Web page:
Boston University — much like the rest of the northern East Coast — has been enduring a painstakingly prolonged winter. Students have waged colossal snowball wars, taken their chances crossing the frozen Charles, huddled under layers of blankets and studied to the sound of snowplows.
But no matter your opinion on icy sidewalks, slushy street crossings and overstuffed down jackets, winter often draws out the very best from creatives who thrive off of the imagery, emotional change and the occasional forced sense of shelter that arises when the big storms hit. Winter, the debut EP from Australian act Vancouver Sleep Clinic (Tim Bettinson), sonically embodies both the expansive and limiting qualities of the year’s final period. The 18-year-old is sure to garner comparisons to more popular and immensely talented artists like Bon Iver’s Justin Vernon, the immersive band Daughter and soloist James Vincent McMorrow; with all of whom he undeniable shares aesthetic tastes.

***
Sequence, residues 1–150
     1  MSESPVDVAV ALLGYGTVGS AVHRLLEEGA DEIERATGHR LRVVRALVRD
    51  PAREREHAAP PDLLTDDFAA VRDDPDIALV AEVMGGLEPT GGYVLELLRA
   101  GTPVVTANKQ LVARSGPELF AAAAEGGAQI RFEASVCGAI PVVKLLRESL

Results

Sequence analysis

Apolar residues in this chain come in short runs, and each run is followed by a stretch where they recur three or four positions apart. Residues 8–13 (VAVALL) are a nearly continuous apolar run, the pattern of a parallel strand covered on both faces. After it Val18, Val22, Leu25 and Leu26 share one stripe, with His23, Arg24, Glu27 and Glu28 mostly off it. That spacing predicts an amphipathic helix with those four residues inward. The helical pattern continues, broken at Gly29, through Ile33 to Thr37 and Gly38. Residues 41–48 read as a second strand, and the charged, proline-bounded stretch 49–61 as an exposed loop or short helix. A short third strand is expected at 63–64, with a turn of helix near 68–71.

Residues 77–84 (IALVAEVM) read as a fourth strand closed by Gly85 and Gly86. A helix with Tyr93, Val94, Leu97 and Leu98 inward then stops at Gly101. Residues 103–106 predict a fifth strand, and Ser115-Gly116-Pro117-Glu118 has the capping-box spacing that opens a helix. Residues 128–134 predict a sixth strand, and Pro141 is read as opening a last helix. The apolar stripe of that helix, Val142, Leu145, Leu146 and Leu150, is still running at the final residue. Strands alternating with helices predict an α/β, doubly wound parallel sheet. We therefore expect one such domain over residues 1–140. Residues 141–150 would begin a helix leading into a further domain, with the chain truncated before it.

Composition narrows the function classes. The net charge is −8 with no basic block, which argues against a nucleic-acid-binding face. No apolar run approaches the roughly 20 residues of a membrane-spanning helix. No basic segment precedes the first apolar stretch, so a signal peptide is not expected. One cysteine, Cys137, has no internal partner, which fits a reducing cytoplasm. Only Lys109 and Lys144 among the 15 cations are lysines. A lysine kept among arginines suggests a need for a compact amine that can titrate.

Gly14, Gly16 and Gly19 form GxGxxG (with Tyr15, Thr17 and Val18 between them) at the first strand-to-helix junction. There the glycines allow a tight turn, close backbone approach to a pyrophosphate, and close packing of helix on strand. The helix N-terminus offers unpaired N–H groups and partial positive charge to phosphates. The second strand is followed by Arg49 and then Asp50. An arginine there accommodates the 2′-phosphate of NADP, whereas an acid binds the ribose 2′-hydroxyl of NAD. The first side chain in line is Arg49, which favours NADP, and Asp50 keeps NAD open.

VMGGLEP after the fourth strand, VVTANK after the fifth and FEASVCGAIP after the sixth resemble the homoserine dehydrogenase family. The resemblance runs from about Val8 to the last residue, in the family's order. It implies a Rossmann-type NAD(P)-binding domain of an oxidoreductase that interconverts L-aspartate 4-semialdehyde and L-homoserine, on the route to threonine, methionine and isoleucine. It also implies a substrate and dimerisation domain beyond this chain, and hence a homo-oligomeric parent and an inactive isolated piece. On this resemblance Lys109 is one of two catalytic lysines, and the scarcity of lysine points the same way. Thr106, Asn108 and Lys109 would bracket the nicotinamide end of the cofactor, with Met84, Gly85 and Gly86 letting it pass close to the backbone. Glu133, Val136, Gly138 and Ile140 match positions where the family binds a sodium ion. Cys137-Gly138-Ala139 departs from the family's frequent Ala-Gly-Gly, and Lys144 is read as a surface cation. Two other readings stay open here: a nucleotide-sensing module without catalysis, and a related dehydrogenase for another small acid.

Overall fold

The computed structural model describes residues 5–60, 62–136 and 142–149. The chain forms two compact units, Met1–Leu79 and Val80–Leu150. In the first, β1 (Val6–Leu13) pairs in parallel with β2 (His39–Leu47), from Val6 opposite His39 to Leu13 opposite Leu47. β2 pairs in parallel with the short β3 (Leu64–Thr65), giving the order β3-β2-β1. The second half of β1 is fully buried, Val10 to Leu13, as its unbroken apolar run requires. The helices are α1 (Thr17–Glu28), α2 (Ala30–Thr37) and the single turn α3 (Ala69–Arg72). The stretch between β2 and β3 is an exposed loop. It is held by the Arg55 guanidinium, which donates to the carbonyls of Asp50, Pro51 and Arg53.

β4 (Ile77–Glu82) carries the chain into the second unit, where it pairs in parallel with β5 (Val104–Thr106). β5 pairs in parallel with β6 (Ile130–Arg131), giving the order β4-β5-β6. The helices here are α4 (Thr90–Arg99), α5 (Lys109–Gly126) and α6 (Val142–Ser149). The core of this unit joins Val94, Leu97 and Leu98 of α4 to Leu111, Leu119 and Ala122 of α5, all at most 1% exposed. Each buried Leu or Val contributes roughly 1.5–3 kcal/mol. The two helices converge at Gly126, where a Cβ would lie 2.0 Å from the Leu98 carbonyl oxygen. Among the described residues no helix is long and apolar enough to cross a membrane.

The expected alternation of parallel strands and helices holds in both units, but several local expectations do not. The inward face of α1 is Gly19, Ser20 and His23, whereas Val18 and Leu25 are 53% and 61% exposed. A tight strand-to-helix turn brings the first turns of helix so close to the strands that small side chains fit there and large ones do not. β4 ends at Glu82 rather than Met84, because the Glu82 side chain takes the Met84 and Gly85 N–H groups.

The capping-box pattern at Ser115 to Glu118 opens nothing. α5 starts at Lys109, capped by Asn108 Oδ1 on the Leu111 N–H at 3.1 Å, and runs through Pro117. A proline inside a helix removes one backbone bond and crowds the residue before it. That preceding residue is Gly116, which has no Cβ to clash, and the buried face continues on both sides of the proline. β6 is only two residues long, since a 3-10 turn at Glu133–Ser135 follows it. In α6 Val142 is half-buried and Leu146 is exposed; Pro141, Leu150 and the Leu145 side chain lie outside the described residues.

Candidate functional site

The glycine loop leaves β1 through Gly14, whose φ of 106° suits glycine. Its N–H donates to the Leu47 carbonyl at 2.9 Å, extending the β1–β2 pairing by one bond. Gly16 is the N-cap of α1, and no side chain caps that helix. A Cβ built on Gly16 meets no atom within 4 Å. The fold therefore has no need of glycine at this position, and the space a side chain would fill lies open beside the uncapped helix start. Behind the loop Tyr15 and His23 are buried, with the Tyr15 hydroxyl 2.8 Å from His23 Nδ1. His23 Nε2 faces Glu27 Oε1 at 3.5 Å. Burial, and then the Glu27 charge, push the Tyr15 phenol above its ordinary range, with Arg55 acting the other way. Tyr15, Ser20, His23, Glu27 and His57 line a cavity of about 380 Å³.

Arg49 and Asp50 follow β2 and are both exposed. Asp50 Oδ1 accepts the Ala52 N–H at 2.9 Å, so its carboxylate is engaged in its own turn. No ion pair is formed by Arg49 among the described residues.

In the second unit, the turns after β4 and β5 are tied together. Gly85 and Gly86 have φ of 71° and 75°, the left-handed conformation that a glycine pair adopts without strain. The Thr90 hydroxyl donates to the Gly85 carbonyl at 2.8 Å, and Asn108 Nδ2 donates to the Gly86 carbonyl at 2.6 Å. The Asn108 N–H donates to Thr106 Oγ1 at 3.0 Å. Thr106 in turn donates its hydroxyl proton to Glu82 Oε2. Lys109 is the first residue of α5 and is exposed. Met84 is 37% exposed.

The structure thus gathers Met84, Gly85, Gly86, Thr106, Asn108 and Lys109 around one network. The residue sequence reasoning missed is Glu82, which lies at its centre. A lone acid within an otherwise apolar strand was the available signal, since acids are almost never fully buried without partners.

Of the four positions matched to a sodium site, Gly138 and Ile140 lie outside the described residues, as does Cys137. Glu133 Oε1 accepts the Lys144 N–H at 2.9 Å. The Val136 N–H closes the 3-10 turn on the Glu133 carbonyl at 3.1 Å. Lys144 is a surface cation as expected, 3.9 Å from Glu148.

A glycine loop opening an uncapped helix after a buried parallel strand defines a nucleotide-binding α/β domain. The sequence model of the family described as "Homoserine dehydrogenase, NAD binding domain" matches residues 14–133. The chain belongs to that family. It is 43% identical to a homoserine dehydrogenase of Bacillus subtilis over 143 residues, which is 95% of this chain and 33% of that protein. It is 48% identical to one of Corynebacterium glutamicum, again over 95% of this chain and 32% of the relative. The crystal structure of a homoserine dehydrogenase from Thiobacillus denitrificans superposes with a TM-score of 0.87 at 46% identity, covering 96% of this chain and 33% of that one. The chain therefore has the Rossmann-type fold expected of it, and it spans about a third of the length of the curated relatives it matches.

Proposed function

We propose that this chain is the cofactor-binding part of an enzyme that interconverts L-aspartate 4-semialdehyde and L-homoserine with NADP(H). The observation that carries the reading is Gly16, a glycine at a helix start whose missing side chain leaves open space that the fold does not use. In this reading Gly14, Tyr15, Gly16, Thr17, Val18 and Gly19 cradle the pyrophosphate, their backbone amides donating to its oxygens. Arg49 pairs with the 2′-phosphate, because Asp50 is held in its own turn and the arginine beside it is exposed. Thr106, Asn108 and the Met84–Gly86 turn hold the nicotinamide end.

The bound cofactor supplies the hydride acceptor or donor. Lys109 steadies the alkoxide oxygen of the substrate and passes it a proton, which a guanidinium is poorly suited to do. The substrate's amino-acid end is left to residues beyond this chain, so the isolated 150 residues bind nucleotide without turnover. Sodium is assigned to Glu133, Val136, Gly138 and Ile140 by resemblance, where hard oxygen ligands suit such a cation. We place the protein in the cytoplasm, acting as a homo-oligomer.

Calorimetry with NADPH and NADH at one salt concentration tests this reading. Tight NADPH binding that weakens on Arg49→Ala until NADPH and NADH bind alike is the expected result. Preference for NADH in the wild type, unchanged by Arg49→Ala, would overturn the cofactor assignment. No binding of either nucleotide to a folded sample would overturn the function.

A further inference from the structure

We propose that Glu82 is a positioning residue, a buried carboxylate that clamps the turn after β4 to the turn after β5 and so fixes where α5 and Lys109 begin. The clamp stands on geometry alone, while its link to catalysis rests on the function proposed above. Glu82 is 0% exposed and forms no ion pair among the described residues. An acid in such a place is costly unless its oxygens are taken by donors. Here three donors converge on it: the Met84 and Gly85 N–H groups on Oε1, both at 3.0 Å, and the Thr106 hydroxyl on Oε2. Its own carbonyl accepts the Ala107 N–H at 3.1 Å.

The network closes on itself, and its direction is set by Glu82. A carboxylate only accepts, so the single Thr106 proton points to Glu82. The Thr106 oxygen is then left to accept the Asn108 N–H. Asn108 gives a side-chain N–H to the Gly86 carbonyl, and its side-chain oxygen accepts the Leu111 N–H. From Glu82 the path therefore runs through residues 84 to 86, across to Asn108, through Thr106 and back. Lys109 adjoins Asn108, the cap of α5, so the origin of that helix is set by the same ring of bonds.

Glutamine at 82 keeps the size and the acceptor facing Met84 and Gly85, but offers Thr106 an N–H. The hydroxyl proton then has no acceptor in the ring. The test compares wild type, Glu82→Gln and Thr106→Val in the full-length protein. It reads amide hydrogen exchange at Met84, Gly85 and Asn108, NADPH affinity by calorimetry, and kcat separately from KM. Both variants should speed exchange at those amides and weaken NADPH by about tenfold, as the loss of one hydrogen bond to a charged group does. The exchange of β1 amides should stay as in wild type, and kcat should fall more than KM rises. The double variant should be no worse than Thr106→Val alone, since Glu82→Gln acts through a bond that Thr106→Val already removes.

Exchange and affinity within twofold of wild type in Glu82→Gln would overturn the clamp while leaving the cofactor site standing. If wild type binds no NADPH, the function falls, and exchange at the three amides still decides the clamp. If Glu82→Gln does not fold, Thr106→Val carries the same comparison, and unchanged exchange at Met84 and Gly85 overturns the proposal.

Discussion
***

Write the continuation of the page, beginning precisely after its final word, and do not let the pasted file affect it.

Flipping through sweetly succinct vignettes, globalized outlooks and romantic reflection in a strictly falsetto tone, Bettinson glides between the experimental, often formless music of Bon Iver and the less obscure — albeit similarly delivered — records of a Daughter or James Blake. Scaled-back drums support, rather than lead, Bettinson in his quest through self and sound. Reverb amplifies already towering vocals. A cavernous space between the forefront and background of each of the project’s six tracks makes it easier for listeners — who are visiting Bettinson’s mind and peering through his oddly mature eyes — to lose themselves in the music, an effect foreshadowed by the act’s title.
Dreamy on the surface but brimming with occasionally stark sentiments just below the thin layer of ice, Winter is a conceptualized EP well worth the short running time. “Collapse” and “Vapour,” two previously released singles, serve as good measures to test the cold water before diving into the rest of the tracks.
Winter’s finally coming to an end, but Winter has just begun.